It’s clear from this passage that Morgoth actually made the Balrogs – at least according to 1937 Tolkien. This is important to remember, as it’s the same year that he began to write Lord of the Rings, though not the same year that he wrote about Durin’s Bane. That’s important to remember too.

But neither are as important as the ultimate fate of the Balrogs following the War of Wrath (which it was named in this version of the Quenta):

“The Balrogs were destroyed, save some few that fled and hid themselves in caverns inaccessable at the roots of the earth.”

It would be very tempting to say that this bit was written after and because of Durin’s Bane in Moria. But it was not. Tolkien definitely wrote this idea before he arrived at that point the Lord if the Rings story (and probably before he even started LotR. More accurately, it could be said that Durin’s Bane was invented because of this new idea. According to Christopher Tolkien, this addition “preceded by a good while the Balrog of Moria”). His reasoning is that in the first notes concerning Gandalf’s death in Moria, a Balrog was not part of the story.

And this unceremoniously brings us to the end of Tolkien’s history with the Balrogs prior to writing Lord of the Rings. Curiously, the stage is perfectly set for Gandalf’s death in Moria, even before he knew the wizard was going to die.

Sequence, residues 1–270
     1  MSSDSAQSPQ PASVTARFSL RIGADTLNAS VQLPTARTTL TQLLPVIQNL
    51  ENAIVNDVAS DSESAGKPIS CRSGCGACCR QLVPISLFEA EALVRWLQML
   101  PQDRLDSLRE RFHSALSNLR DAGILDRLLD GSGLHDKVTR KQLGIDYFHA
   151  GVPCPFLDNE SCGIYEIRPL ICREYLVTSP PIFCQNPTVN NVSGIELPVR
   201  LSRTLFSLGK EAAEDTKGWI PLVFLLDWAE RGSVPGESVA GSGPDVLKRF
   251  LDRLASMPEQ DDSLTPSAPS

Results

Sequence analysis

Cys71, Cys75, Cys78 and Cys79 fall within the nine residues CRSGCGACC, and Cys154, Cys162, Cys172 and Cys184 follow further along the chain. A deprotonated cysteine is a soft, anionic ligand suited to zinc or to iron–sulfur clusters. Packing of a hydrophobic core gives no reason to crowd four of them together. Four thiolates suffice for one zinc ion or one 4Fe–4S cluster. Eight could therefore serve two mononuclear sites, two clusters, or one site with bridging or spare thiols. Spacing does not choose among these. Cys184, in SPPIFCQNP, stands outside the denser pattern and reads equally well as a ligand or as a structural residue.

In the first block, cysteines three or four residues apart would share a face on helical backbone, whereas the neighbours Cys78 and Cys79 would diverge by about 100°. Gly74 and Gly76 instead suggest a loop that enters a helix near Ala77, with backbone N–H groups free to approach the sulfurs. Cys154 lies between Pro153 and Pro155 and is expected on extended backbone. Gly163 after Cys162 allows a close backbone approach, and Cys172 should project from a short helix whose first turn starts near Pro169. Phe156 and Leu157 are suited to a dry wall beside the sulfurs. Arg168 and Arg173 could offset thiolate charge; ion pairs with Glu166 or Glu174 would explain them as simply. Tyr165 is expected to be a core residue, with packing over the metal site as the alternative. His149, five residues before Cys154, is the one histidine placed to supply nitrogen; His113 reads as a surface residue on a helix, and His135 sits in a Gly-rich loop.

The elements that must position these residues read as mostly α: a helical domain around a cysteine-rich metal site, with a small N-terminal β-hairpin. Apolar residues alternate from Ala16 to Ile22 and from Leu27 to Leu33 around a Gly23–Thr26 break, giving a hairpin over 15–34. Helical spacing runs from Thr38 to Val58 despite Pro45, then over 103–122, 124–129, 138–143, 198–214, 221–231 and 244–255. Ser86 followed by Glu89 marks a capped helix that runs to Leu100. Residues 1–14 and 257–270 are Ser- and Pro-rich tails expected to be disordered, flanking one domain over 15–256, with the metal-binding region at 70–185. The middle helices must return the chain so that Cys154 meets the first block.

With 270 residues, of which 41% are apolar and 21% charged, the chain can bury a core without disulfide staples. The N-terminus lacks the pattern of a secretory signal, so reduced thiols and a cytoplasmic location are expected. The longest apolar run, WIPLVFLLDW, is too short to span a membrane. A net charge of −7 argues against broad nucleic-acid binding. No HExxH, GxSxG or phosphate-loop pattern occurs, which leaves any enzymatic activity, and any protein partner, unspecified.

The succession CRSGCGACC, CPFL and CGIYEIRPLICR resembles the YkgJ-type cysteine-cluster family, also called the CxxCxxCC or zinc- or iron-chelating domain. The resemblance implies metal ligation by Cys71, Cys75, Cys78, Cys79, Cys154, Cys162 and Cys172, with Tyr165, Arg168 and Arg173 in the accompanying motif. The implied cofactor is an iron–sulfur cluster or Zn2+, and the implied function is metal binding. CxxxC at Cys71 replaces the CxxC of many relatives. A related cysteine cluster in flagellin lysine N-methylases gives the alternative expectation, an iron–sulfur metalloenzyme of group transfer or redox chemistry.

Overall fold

Next (or when it can happen), we’ll take a look at where Tolkien went with the Balrogs after the publication of the Lord of the Rings.

Camera: Bolsey Jubliee Film: ORWO UN54

Camera: Bolsey Jubliee
Film: ORWO UN54

A Few Notes

  • The Annals of Valinor were also written by Tolkien in Old English because of course they were. Take a look.
  • With the next post, we’ll go back to the narrative to meet Haldir and friends.

About the Photo
Again, as with the last post about Balrogs, I wanted to use a terrifying photo. This depicts the damage from Mount St. Helens three decades after its eruption. It’s a very humbling place.


  • Day 175
  • Miles today: 5
  • Miles thus far: 864 (410 from Rivendell)
  • 28 miles to Lothlórien
  • 915 miles to Mt. Doom

Book II, Chapter 6, Lothlorien. Entering Lothlorien. January 16, 3019 TA. (map)

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8 thoughts on “Tolkien’s Book of Lost Balrogs (Part Two)

    • Thanks so much! I had a bunch of fun writing these. I can’t wait to get to the post-LotR Balrogs stuff. First, some other business. Buy soon!